On the Factory Investigation Commission, she sat on the committee that was created to understand what happened at the Triangle Shirtwaist factory and how to make sure it would never happen again.She later became executive secretary for the Committee on Safety of the City of New York. In 1913, she married Paul Wilson and had a baby daughter. After two years of marriage, her husband developed what is now known as a bipolar disorder. He was institutionalized, leaving Perkins to raise her daughter by herself. In 1919, she was added to the Industrial Commission of the State of New York by Governor Alfred Smith. In 1929, she was appointed by Governor Franklin Roosevelt to the New York State Commissioner of Labor where she worked to expand factory investigations and to reduce the workweek for women to 48 hours. She also worked on getting a minimum wage set, create unemployment insurance laws, and to put an end to child labor.

When Roosevelt was elected president in 1932, she was invited to become the Secretary of Labor. She became the first woman appointed to the U.S. Cabinet. Perkins proposed several ideas that Roosevelt supported, including social security, which provided unemployment benefits, pensions for the elderly, and aid to the poor. She served 12 years and 3 months as a member of the cabinet, the longest officer to have served. After Roosevelt died, President Harry Truman asked her to serve on the U.S. Civil Service Commission, which she did until 1952 when her husband died. She spent the rest of her life teaching at the Cornell School of Industrial and Labor Relations until she died on May 14, 1965.

Before Perkins, men, women, and children were working 60-hour weeks in dangerous factories for little pay. After witnessing the Triangle Shirtwaist Factory, Perkins dedicated the rest of her life to make sure nothing like that ever happened again. When she wasn’t creating labor laws, she was raising her daughter by herself because her husband suffered from a mental illness. When Roosevelt became president during the Great Depression, he knew the Secretary of Labor must be someone capable of brining America out of the depression. By appointing Perkins, he showed that she was the best person for the job. Because of Frances Perkins, there is a minimum wage, child labor laws, and social security. She later reflected as to why she went to work in Washington D.C.; “I came to Washington to work for God, FDR, and millions of forgotten plain common workingmen.”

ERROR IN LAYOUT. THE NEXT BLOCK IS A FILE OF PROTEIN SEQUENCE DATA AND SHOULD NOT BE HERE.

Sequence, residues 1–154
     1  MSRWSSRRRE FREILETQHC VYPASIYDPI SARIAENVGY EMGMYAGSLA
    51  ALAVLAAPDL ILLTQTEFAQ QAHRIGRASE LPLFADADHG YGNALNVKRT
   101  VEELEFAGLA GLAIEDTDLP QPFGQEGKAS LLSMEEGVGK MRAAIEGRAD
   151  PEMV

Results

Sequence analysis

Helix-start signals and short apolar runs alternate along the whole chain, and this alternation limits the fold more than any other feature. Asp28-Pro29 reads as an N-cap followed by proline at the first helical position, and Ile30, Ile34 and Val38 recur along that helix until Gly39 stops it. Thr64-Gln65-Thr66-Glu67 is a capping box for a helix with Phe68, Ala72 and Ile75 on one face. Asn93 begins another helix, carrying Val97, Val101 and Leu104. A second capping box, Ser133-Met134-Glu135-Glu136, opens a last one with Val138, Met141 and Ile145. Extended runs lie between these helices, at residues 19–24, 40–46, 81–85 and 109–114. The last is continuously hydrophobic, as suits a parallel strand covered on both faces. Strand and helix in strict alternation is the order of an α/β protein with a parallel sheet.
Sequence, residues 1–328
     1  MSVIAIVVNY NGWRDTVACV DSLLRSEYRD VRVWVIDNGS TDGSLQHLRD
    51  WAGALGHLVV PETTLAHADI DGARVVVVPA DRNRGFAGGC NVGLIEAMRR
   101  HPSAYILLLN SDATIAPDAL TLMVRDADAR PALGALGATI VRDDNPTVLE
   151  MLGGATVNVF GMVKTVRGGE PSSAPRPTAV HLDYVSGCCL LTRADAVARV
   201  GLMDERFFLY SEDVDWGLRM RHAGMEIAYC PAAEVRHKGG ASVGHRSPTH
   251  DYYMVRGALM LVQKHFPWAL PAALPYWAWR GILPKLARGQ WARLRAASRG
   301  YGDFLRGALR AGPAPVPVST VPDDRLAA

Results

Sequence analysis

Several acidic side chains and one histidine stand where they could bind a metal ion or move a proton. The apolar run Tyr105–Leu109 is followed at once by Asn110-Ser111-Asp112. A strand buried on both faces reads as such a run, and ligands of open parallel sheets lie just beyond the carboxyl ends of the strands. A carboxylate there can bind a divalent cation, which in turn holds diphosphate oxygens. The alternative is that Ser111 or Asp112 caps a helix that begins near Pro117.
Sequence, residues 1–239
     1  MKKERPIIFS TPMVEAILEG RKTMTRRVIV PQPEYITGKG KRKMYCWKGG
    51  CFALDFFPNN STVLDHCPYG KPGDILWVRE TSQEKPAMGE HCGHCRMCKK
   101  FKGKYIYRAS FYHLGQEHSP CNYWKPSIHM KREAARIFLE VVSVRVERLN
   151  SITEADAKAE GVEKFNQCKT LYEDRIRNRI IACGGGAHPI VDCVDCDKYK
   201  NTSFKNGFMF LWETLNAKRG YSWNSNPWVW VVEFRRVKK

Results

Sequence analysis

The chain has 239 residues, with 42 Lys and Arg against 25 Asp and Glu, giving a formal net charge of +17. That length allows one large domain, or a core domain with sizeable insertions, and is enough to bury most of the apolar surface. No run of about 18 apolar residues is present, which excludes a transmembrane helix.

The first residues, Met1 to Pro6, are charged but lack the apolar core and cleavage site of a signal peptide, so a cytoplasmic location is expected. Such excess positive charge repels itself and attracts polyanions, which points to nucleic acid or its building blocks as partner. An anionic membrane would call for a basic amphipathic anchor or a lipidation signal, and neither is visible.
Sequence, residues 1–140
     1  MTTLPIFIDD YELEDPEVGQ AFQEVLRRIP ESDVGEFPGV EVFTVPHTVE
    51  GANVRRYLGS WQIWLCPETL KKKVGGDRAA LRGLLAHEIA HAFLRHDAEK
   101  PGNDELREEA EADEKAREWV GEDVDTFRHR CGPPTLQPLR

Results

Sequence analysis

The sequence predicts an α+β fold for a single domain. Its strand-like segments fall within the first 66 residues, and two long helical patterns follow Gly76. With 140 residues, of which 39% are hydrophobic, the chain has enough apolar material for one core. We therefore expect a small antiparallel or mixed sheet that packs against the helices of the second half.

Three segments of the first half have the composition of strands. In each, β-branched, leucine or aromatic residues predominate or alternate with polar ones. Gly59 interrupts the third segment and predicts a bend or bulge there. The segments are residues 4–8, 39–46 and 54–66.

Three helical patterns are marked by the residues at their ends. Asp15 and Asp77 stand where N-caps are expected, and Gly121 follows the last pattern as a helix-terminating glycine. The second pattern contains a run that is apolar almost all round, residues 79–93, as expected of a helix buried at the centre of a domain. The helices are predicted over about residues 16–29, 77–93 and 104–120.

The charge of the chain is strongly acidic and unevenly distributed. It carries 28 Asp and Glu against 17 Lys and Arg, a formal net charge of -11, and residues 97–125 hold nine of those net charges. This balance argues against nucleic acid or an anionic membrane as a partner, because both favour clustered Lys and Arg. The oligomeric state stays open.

Social Security Pioneers

Frances Perkins

The 1911 Triangle Factory Fire


Franklin Roosevelt’s Greatest Strength


President Franklin Delano Roosevelt was born on January 30, 1882, to a wealthy family in up-state New York. After attending Harvard and Columbia Law School, he focused his sights on the White House by following his relative’s, President Theodore Roosevelt, footsteps by first becoming Assistant Secretary of the Navy. His journey to the White House halted in 1921 when Roosevelt became ill while vacationing with family in Canada. After several doctor visits over a span of a couple of weeks, it was discovered that Roosevelt had contacted Poliomyelitis and now had polio. At the age of 31, Roosevelt became paralyzed from the waist down. Roosevelt’s mother begged him to retire from politics, but his wife, Eleanor, would not let him because she knew that he would regret it. Though the current times believed people with disabilities were a burden, Roosevelt would use his paralysis to lead his country through troubled times.

Franklin D. Roosevelt in Warm Springs, Georgia...

Franklin D. Roosevelt in Warm Springs, Georgia  (Wikipedia)